Getting the right medical students — nature versus nurture
One of the primary reasons that Dr. Howard Barrows pioneered the practice of using standardized patients was to provide a method for improving communications skills for medical students. That raison d'etre is still applicable today, as is shown in this 2015 article in the New England Journal of Medicine. The author, Dr. Richard Schwartzstein, is Associate Chief of the Division of Pulmonary, Critical Care and Sleep Medicine at Beth Israel Deaconess Medical Center (BIDMC), as well as Professor of Medicine at Harvard Medical School. He has a strong interest in medical education and holds leadership positions in education at BIDMC and at Harvard Medical School.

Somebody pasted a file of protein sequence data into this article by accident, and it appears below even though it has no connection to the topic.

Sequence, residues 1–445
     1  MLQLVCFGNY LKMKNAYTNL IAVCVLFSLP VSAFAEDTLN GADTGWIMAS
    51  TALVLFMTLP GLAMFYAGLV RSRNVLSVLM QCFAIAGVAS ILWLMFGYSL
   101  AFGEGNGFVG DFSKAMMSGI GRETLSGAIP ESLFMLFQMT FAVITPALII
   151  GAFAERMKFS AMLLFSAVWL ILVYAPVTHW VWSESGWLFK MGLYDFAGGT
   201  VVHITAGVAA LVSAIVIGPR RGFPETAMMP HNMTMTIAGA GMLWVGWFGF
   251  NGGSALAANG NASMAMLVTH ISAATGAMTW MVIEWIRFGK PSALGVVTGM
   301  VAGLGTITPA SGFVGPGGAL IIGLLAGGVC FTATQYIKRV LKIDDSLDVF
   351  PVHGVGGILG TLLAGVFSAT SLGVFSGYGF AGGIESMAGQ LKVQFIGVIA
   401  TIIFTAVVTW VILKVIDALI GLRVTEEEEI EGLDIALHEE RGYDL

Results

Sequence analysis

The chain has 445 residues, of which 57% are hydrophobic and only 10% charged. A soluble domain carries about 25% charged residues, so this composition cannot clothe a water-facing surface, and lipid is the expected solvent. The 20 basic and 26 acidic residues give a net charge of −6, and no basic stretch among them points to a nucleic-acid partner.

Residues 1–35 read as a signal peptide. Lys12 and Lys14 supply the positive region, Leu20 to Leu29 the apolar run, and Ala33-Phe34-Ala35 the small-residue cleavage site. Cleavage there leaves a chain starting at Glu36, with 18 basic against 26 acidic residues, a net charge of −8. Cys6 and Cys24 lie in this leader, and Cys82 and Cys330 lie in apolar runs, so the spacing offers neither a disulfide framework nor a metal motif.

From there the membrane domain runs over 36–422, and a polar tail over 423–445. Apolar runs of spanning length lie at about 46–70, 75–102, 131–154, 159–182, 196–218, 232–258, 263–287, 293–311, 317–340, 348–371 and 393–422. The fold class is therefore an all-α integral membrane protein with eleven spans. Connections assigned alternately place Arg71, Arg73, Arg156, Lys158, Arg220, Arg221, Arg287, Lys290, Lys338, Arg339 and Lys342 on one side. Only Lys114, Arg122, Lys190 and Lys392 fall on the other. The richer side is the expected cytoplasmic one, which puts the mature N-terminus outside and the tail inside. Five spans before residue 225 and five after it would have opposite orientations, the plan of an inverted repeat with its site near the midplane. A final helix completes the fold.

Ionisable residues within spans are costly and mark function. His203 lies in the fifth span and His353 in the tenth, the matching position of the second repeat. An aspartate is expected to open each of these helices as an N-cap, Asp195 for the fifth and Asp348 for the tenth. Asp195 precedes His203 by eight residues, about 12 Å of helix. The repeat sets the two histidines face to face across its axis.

Dr Schwartzstein notes that the need to train medical students to communicate effectively with patients is as relevant as ever. He recommends several approaches for sustaining compassion and communications skills in medical school. Salient to SP educators, he recommends "refining measures for assessing interpersonal skills," and we all fully realize that using SPs is a primary method for doing so. We hope you enjoy reading this insightful article.
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